At the end of the first month of enforcing a ban against wearing headphones in the streets, the score stands: Woodbridge, N.J., 1; Oscar Gross, 0.
The town also has received one irate letter from a resident and several hundred inquiries from other US communities about its ordinance, which is aimed at preventing people from listening to their portable tape players and radios - such as the Sony ''Walkman'' - while crossing the street.
These portable entertainment units require their owners to wear headphones in order to listen to the music. The headphones, argue the ordinance's proponents, cut down on the listener's ability to hear car horns and other warning devices.
Mr. Gross has the distinction of being the first person handed a summons under the ordinance.
''I'm proud to say I got the first summons,'' he said, after refusing to move his headphones while crossing a Main Street intersection. To make his point, his headphones were not attached to a tape recorder or radio when he wore them.
''In my opinion the ordinance is unconstitutional because it forbids wearing what a person sees fit whenever he wants,'' explained Gross to watching members of the press.
Aside from Gross, only one other person has complained about the ordinance, says Woodbridge Police Chief Anthony O'Brien. One woman wrote a letter complaining that the ban violated her constitutional rights.
''Other than that, most people have been very positive about the whole thing, '' says Chief O'Brien. ''They see headphones as a potential danger. It is not what has happened but what could happen. It is only in the past year they (the headphones) have really taken off.''
Richard Kuzniak, the Woodbridge councilor behind the ban, explains what he says he sees as the danger. He says he noticed drivers, cyclists, joggers, and walkers wearing headsets.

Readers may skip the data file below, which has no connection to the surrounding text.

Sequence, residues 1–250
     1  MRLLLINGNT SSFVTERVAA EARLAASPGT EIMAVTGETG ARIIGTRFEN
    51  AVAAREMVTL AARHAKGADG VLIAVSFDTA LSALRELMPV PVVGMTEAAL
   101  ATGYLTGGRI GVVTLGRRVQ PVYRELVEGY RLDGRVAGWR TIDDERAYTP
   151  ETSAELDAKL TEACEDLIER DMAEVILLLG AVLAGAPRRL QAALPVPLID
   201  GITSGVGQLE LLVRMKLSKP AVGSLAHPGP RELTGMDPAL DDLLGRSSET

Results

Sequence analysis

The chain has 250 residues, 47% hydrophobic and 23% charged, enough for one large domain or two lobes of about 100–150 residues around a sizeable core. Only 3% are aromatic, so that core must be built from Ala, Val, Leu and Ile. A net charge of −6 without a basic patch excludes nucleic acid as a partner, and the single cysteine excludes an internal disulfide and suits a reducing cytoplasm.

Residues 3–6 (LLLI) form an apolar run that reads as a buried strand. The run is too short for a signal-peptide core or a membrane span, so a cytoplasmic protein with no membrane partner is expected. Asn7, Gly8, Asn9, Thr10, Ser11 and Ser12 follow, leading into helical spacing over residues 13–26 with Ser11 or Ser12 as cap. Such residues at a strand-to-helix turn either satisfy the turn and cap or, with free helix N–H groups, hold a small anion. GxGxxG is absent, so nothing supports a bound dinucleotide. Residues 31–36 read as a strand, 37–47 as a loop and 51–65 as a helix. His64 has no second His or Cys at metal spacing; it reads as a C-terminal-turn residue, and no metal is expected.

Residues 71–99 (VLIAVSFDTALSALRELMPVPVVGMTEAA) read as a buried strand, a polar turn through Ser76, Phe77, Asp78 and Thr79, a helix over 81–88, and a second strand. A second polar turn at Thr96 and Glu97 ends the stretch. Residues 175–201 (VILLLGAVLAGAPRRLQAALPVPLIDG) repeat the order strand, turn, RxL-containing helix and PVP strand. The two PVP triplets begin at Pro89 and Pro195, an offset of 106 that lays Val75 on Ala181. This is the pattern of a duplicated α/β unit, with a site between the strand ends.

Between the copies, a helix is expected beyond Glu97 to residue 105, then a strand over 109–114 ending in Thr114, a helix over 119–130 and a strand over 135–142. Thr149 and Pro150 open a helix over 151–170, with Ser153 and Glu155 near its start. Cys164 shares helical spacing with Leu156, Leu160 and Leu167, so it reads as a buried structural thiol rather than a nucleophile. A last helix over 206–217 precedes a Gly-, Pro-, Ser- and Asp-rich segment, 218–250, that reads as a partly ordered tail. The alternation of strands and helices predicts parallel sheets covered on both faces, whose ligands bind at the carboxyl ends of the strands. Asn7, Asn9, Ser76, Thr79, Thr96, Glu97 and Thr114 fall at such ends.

''I was concerned that they could not hear horns or any outside warning noise ,'' he says. ''It wasn't just dangerous for them but for other people on the street.''
''I have been asked to talk about it (the ordinance) everywhere on television and radio from Florida to Brazil and even by the British BBC. Already 200 communities have asked for copies of the ordinance - including New York,'' adds Mr. Kuzniak. ''A lot of councils are seriously considering bringing in a similar ordinance.''
Bill Baker, spokesman for Sony, the inventor and leading manufacturer of personal portable stereos, says he prefers education to legislation in dealing with the problem.
The firm is trying to prevent bans like Woodbridge's from spreading around America. It's launching a major media campaign aimed at educating portable personal-stereo users.
''We are preparing a public-service announcement for radio and television on the do's and don'ts of these sets. This is our response. Education not legislation is going to be more useful,'' says Mr. Baker.
''The owner's manuals do in fact suggest that people be cautious in hazardous situations and switch to a mix sound that allows external noises to be heard as well as the stereo.
''But anyway there is no evidence to show they are dangerous. It is all supposition.''
Not so, says Kuzniak, who claims four people have been killed wearing the sets.
Joanna Speller, a dancer in New York, is one of the millions who own a portable tape player.
''I don't wear them as much as I used to,'' she says. ''It was a great novelty at first. But wherever you wear them the headphones are a block, and I don't feel I always want to hide behind them. Particularly after last week.''
At that time, she says, she was mugged coming out of a subway. ''After that I would rather be alert at all times. You don't always know what is going on around you when you have them on.''